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Nuclear weapons: Difference between revisions

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(i refer to the vela incident, not, like, apartheid)
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Getting started in nuclear hobbyism is easier (and more fun!) than you likely think. ''WarGames'' taught us that computers and nuclear weapons are more interesting than dogs, parents, or Ally Sheedy (and more trustworthy than feelings). A computer program is simple interactions, tightly arranged, performed billions of times in the blink of an eye. A nuclear bomb is basically the same thing, but you can only run it once.
Getting started in nuclear hobbyism is easier (and more fun!) than you likely think. ''WarGames'' taught us that computers and nuclear weapons are more interesting than dogs, parents, or Ally Sheedy (and more trustworthy than feelings). A computer program is simple interactions, tightly arranged, performed billions of times in the blink of an eye. A nuclear bomb is basically the same thing, but you can only run it once.


It's true that your modern criticality fetishist has a rough time of things. Since 2001-09-11, great stocks of (unclassified) information have been purged from US government sites. Various fellow travelers (see [[Nuclear weapons#See Also|below]]) maintain partial archives. Relevant conference proceedings (compressed matter physics, etc) get snapped up on used book sites quickly. My recommendations are to follow ''The Making of the Atomic Bomb'' and ''The Los Alamos Primer'' (see [[Nuclear weapons#Books|"Books", below]]) with a few nuclear engineering and physics texts, at which point you'll be well-equipped to daydream about your own neutron initiator ideas and radical implosion symmetries. Don't be afraid to search through Russian papers; once you need to (you'll know when), they're sufficiently mathematically dense that you can follow along. The words are mainly just transitions anyway.
It's true that your modern criticality fetishist has a rough time of things. Since 2001-09-11, great stocks of (unclassified) information have been purged from US government sites. Various fellow travelers (see [[Nuclear weapons#See Also|below]]) maintain partial archives. Relevant conference proceedings (high-density physics, etc) get snapped up on used book sites quickly. My recommendations are to follow ''The Making of the Atomic Bomb'' and ''The Los Alamos Primer'' (see [[Nuclear weapons#Books|"Books", below]]) with a few nuclear engineering and physics texts, at which point you'll be well-equipped to daydream about your own neutron initiator ideas and radical implosion symmetries. Don't be afraid to search through Russian papers; once you need to (you'll know when), they're sufficiently mathematically dense that you can follow along. The words are mainly just transitions anyway.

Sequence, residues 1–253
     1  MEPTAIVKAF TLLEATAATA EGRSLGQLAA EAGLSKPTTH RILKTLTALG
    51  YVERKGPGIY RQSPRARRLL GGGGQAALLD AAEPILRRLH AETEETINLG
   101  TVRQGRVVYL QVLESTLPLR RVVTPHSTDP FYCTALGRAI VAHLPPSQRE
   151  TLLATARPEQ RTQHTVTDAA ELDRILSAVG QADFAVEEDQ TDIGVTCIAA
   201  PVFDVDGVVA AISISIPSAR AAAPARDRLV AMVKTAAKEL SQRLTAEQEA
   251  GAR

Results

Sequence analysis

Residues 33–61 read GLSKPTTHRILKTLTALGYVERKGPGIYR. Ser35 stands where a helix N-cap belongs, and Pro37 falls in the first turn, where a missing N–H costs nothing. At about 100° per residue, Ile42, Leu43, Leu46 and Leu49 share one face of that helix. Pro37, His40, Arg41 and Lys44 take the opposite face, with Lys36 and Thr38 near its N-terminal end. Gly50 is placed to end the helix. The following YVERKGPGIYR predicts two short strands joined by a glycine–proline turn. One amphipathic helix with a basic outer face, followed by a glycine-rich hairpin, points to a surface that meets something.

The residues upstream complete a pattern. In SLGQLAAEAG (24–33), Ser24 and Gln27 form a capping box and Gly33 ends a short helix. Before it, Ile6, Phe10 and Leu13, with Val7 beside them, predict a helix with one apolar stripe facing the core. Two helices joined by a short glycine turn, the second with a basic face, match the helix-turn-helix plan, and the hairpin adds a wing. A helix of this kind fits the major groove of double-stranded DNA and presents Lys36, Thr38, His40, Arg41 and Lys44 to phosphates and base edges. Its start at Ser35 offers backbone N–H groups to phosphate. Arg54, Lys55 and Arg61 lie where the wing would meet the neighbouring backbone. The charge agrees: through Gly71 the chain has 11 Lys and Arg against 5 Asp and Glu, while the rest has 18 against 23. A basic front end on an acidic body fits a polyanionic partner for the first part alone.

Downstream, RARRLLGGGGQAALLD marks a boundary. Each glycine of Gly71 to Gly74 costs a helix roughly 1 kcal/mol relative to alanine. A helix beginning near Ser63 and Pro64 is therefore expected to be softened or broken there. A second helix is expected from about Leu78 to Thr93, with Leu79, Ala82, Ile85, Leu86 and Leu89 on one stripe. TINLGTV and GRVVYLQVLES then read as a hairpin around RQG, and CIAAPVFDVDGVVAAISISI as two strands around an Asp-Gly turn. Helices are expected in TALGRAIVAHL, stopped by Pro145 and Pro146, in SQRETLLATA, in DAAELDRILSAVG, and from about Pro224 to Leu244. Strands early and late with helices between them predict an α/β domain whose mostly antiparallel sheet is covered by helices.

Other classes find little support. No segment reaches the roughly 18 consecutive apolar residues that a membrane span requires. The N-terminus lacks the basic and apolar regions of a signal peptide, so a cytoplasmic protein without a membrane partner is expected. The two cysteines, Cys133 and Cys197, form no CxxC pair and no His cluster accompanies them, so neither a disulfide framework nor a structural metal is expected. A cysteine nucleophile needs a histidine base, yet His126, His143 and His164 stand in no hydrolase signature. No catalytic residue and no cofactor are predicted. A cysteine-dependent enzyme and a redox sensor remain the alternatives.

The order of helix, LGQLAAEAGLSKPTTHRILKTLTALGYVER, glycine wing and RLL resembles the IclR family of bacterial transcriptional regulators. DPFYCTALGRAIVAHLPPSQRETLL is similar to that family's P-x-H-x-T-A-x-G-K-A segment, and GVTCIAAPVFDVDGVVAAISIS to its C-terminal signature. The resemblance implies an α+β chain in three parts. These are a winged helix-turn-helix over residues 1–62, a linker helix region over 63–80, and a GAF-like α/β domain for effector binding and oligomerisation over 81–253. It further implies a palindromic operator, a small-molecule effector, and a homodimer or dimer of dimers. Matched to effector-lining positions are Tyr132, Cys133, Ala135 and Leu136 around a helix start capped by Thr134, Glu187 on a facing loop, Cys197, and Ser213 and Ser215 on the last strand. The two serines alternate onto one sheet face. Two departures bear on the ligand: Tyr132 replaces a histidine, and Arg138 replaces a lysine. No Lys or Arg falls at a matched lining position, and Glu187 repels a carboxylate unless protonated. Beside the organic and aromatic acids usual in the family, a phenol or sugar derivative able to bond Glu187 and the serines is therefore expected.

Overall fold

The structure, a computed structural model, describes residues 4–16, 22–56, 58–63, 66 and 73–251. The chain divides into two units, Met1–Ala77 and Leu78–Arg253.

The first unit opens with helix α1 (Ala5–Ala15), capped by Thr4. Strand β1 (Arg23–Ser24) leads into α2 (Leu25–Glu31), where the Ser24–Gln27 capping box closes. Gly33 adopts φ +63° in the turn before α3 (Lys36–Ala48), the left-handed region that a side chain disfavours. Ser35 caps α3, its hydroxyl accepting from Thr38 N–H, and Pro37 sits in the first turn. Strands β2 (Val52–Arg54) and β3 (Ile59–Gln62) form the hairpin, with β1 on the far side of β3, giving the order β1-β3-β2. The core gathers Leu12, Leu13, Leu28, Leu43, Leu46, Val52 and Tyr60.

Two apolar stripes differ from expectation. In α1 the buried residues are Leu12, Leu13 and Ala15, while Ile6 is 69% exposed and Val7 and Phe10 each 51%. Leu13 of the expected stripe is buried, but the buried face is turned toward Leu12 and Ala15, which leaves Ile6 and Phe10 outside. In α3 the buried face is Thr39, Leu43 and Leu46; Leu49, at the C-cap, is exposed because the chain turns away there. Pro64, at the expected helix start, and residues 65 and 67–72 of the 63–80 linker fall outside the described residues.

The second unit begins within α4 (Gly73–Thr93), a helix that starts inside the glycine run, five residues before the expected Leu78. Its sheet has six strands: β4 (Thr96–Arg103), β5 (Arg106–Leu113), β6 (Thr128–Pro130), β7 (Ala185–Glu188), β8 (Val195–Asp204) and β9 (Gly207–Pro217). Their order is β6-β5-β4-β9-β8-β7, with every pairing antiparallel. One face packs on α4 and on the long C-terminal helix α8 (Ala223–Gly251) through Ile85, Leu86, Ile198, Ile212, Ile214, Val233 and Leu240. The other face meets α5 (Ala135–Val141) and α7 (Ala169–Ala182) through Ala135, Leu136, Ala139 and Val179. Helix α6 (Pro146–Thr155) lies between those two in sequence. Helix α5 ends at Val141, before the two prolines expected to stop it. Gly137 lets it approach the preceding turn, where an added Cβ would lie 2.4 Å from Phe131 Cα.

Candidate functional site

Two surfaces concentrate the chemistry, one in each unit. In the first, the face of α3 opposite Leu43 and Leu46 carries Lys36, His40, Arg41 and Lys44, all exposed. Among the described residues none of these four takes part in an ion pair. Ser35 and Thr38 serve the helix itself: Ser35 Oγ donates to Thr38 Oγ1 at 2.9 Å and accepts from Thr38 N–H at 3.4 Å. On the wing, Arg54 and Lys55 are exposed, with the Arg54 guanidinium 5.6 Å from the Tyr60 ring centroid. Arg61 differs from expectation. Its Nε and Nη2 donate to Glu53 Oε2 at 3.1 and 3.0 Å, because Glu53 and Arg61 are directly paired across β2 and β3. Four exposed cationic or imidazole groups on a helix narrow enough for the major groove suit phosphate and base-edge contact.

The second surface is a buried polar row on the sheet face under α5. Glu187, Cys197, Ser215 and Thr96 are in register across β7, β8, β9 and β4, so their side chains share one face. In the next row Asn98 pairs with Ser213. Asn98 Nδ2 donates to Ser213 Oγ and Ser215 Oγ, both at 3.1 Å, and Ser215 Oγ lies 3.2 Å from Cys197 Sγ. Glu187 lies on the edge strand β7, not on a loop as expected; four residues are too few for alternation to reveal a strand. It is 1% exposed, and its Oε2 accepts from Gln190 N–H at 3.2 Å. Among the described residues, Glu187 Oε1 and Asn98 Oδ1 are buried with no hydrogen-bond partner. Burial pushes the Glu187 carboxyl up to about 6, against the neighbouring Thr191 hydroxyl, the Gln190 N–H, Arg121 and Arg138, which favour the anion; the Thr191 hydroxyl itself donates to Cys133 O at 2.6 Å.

All is not lost. The boys at [http://www.lanl.gov/ LANL] and [http://www.ornl.gov/ similar] [https://www.llnl.gov/ places] haven't been able to do criticality experiments since the [http://en.wikipedia.org/wiki/Comprehensive_Nuclear-Test-Ban_Treaty CTBT's] signing, so it's a level ([[Nuclear weapons#Simulation|simulation]]-only) playing field. Today's supercomputer is tomorrow's slide rule; an HP48GX will certainly get you through spherically symmetric detonations, and a few [[CUDA|GPUs]] form a fine platform for running your own hydrocodes. Relevant shockwave theory, metallurgy and nuclear constants have long existed in the public domain. Neutron sources sufficient to grill <sup>233</sup>U from sheets of <sup>232</sup>Th in one's backyard are advertised in every issue of <i>Nuclear News</i> or <i>Physics Today</i>, while high-quality timing elements can practically be extracted from microwaves. The 2009 recession has left plenty of teenagers unemployed, and you can surely put them to work doing something.
All is not lost. The boys at [http://www.lanl.gov/ LANL] and [http://www.ornl.gov/ similar] [https://www.llnl.gov/ places] haven't been able to do criticality experiments since the [http://en.wikipedia.org/wiki/Comprehensive_Nuclear-Test-Ban_Treaty CTBT's] signing, so it's a level ([[Nuclear weapons#Simulation|simulation]]-only) playing field. Today's supercomputer is tomorrow's slide rule; an HP48GX will certainly get you through spherically symmetric detonations, and a few [[CUDA|GPUs]] form a fine platform for running your own hydrocodes. Relevant shockwave theory, metallurgy and nuclear constants have long existed in the public domain. Neutron sources sufficient to grill <sup>233</sup>U from sheets of <sup>232</sup>Th in one's backyard are advertised in every issue of <i>Nuclear News</i> or <i>Physics Today</i>, while high-quality timing elements can practically be extracted from microwaves. The 2009 recession has left plenty of teenagers unemployed, and you can surely put them to work doing something.